English Wikipedia has an article on:
A steam locomotive with a bright red cowcatcher


cow +‎ catcher


cowcatcher (plural cowcatchers)

  1. (rail transport, principally US) The V-shaped device on the front of a locomotive (or other large vehicle) shaped so as to push objects on the tracks out of the way, to prevent major damage to the train.
    • 1942 February, “Notes and News: An Historic American Locomotive”, in Railway Magazine, page 56:
      With its long tapered cowcatcher, massive headlamp and enormous diamond smokestack behind, wagon-top boiler, high running-plate above the driving-wheels reached from a front door in the square side-window cab, cylinders with slide valves mounted on top, and double bogie tender, General in its present form is typical of much earlier American locomotive practice.
    • 2016, Colson Whitehead, The Underground Railroad, Fleet (2017), page 83:
      The locomotive was black, an ungainly contraption led by the triangular snout of the cowcatcher, though there would be few animals where this engine was headed.
    • 2023 January 11, Richard Foster, “British Rail's weirdest railways...: Wisbech & Upwell Tramway”, in RAIL, number 974, page 46:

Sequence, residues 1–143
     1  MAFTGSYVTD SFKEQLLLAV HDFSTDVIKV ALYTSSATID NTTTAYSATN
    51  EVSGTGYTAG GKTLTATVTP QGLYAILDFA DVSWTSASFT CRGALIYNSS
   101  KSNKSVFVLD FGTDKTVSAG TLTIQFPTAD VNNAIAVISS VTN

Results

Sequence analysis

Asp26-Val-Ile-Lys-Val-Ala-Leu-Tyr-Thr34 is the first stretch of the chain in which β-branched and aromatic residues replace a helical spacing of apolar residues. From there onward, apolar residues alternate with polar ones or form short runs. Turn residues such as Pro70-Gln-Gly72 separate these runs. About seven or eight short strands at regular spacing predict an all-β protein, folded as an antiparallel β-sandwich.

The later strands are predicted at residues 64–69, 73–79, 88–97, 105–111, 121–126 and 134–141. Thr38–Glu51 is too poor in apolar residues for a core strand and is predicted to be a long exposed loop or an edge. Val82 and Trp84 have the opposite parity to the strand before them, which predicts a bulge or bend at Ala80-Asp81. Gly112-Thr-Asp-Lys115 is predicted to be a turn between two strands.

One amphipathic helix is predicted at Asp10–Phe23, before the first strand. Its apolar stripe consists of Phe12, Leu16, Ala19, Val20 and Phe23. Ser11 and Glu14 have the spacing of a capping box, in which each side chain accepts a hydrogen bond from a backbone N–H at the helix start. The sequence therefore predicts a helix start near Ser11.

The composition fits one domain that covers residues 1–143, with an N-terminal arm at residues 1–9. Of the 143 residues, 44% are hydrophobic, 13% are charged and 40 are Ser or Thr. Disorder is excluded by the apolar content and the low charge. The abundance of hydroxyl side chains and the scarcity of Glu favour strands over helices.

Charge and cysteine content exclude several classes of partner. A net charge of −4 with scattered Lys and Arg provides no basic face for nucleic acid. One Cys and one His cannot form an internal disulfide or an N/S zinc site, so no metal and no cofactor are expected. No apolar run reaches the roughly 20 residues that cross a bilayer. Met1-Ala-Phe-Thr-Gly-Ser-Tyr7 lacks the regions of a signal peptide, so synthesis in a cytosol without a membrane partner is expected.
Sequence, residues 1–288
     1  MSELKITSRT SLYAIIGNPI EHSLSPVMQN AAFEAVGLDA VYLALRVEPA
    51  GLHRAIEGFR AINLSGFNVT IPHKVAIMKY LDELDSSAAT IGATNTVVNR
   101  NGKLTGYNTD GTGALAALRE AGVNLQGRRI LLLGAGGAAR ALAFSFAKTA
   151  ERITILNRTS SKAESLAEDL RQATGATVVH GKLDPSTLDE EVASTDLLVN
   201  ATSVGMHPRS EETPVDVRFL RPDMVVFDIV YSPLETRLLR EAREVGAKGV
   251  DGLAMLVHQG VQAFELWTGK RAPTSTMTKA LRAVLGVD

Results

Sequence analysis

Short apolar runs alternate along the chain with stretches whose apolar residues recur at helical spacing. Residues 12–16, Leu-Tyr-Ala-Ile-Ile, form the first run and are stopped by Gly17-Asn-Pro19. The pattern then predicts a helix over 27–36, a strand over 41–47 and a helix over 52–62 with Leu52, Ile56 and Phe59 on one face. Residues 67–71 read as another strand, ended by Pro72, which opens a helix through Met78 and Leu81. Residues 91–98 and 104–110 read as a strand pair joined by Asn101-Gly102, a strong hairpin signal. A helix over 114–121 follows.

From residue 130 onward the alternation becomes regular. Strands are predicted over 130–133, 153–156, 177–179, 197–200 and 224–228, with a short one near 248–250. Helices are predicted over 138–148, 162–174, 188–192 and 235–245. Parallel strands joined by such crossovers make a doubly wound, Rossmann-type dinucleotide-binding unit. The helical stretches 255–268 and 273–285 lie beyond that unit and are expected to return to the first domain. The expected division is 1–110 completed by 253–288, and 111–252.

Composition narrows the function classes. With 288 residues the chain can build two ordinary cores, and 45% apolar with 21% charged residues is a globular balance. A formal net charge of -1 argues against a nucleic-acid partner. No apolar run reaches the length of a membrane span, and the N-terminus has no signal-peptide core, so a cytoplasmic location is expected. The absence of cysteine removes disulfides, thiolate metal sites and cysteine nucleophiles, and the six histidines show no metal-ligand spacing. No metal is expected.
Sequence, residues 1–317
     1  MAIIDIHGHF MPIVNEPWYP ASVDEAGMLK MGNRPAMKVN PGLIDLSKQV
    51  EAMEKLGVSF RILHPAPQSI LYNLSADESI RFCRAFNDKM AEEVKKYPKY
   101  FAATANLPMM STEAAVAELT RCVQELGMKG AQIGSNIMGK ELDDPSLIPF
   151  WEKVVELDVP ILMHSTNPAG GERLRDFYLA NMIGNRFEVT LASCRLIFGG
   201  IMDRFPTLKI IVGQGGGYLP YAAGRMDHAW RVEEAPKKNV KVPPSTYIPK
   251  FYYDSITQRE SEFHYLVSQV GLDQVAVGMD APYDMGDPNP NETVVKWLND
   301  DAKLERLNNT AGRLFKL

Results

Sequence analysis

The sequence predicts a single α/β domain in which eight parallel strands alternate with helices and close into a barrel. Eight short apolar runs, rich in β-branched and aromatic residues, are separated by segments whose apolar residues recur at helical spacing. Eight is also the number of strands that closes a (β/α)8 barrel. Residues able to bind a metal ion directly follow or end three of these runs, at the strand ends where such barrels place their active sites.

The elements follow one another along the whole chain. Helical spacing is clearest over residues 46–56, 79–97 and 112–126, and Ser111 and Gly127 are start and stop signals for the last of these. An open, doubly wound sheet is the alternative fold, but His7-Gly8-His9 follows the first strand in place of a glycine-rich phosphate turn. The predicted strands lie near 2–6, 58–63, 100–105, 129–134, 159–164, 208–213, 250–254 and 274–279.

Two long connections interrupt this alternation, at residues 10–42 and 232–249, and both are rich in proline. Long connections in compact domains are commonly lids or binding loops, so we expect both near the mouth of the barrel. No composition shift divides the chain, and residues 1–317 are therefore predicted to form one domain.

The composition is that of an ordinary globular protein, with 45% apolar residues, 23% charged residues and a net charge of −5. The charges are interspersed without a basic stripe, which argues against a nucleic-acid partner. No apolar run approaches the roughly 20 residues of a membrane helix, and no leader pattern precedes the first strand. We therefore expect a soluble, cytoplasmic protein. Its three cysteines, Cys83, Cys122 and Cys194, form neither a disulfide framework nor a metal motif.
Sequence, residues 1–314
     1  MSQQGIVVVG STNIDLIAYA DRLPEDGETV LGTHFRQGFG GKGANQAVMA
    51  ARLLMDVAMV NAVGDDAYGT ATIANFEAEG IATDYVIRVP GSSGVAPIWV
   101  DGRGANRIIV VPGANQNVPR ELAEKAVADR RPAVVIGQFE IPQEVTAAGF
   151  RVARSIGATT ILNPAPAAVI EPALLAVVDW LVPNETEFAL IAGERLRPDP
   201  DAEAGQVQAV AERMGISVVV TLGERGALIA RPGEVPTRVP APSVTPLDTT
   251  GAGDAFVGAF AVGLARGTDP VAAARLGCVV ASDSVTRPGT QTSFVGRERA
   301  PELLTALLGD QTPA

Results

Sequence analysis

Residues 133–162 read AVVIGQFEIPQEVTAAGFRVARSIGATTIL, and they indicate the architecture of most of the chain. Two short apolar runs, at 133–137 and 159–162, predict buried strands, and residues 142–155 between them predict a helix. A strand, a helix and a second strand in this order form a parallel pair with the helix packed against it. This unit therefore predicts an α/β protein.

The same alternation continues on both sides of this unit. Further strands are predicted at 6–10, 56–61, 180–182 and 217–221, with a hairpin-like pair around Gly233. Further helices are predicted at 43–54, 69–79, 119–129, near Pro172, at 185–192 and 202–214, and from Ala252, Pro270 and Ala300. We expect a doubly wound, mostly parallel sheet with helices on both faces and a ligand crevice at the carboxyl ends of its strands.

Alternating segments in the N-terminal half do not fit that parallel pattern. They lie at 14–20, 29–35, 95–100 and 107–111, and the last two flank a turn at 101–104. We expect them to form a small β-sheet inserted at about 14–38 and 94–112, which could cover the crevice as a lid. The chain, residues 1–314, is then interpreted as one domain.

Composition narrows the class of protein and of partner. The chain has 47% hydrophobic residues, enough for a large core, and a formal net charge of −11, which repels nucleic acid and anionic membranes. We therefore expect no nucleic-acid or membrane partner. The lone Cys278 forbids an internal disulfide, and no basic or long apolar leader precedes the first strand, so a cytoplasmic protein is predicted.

It was a rural railway that served the fertile Fens of Cambridgeshire and Norfolk. But because it flanked public roads and was unfenced (to save costs), it was deemed a tramway and its locomotives had to be fitted with a cowcatcher.
    Synonym: pilot
  2. (radio, advertising) An advertisement at the start of a programme.
    Coordinate term: hitchhiker
    • 1945, Broadcasting (volume 29, page 55)
      Hitchhiker and cowcatcher plugs will be considered.
    • 1945, Charles Harold Sandage, Radio Advertising for Retailers (page 185)
      National advertisers have probably been major contributors to this practice through the use of so-called hitchhike and cowcatcher announcements.
    • 2009, George Ansbro, I Have a Lady in the Balcony (page 138)
      Sometime in the mid-40s, the Hummerts canceled Mr. Keen and Easy Aces from their early evening periods on CBS, which also killed my cowcatchers and hitchhikes.


  • 1951, Eugene Fred Seehafer, Jack William Laemmar, Successful radio and television advertising (page 207): "A cowcatcher announcement is one aired at the very beginning of a radio program, as soon as the broadcast goes on the air and the program has been introduced to listeners."

See alsoEdit